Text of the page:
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Black Forest Festival a step back in time

August 9, 2017 Updated: August 9, 2017 at 5:45 pm
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Participants take off during the Outhouse Race at the Black Forest Festival on Saturday, August 13, 2016. Photo by Stacie Scott, The Gazette

You'll want to get in line early for the pancake breakfast that kicks off the Black Forest Festival on Saturday. "Old-timers" start lining up about 6 a.m. for the donation-based meal, which runs from 6:30 to 9:30 a.m. at the Black Forest Community Club, said Shari Conley, festival coordinator.

Since the 1960s, the community has held Black Forest Days, a summer event that later evolved into the volunteer-run festival attracting up to 3,000 people. This year's theme is Black Forest or Bust. All proceeds go to community charities and nonprofits.

"What we really aim for is to be as homespun as possible," she said. "This is probably the one day of the year we can showcase what it is like to live in Black Forest. It shows a person could have this lifestyle."

A booth fair of artisans, craftspeople and food vendors will be from 8 a.m. to 3 p.m. A parade with a "hometown feel" starts at 10:30 a.m. and will feature the likes of the Colorado Mounted Rangers, Boy and Girl Scouts, firefighters, Native American dancers, Miss Colorado Teen Cynthia Morin, vintage cars and more, Conley said.

After that, get ready for the outhouse race - an event that bears similarities to a certain annual coffin race. Entrants make an outhouse that's carried by a team of four, with one person inside, about a half mile.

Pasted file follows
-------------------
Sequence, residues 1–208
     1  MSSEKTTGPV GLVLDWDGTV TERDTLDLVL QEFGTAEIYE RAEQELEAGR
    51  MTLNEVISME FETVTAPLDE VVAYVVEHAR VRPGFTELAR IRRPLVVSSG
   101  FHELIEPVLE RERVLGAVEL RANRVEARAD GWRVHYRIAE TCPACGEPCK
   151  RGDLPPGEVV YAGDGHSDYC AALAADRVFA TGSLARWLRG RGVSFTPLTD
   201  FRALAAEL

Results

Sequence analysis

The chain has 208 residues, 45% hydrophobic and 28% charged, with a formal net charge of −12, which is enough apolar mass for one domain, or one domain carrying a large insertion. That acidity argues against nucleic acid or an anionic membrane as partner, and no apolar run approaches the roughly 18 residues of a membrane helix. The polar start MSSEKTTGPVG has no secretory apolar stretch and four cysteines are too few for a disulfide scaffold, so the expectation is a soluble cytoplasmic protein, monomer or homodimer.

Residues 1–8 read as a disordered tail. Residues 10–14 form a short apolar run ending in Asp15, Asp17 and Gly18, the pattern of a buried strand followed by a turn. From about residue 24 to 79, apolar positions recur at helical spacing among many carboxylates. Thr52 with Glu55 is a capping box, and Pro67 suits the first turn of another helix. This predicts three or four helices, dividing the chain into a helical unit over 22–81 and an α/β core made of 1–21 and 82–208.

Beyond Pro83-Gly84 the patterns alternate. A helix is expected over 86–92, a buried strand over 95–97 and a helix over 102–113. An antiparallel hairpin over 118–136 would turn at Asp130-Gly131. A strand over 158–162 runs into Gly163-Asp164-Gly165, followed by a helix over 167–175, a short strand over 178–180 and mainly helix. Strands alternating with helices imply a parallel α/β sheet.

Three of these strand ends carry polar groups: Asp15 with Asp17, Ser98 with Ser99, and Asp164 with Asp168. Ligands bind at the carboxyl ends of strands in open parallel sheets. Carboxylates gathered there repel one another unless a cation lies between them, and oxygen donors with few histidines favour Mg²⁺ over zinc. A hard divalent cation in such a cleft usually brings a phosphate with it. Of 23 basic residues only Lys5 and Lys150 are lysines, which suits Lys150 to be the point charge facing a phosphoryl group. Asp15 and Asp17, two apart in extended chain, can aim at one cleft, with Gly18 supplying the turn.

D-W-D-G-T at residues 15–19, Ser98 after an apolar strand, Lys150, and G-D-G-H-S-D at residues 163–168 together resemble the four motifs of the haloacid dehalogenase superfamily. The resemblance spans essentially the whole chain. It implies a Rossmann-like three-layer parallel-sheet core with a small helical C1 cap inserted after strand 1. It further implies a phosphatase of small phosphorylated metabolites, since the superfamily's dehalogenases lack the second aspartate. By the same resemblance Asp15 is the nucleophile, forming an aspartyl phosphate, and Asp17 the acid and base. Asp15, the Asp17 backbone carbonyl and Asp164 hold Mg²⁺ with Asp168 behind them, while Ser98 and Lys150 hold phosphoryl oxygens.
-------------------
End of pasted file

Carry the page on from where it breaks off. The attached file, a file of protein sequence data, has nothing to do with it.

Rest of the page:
"It's a kick," Conley said.

Ella Eckert, 5, jumps from stump to stump Saturday, August 15, 2015 in the Black Forest Log School Park during the Black Forest Festival. All the wood used in the newly built park came from trees burned in the Black Forest Fire. This year's festival included the dedications ceremony for the Black Forest Fire Memorial. Photo by Mark Reis, The Gazette 

Other attractions include gold mining, goat-milking and soap-making demos, alpaca fleece spinning, silent and live auctions, two state fair champion turkeys, a cakewalk, Pioneer Town - like something you'd see in "Little House on the Prairie" - with crafts and activities for kids making lariats and painting wooden boats to float on the horse trough. There will be a petting zoo, and Rockin' M Ranch will give pony rides for $5. Also for the kids, school will be in session in the historic log schoolhouse at 2:30 p.m. for a half hour - just as it was in the old days.

A new piece of property called the North 477 will be christened this year.

"That was a piece of property that burned in the Black Forest fire in 2013. The home was burned to ashes," Conley said. Blackened trees from the property will be sawn to spec on a portable sawmill, with proceeds benefiting improvements on the property.

Music offerings will continue through the day, with a violinist playing Celtic music and a pianist offering "Old Susannah"-type favorites at the pancake breakfast, the 495'ers Acoustic Band from 8:30 to 10 a.m.; the Forest Chorus from 10 to 10:20 a.m. and the USAFA Wild Blue Country Band from noon to 3 p.m.

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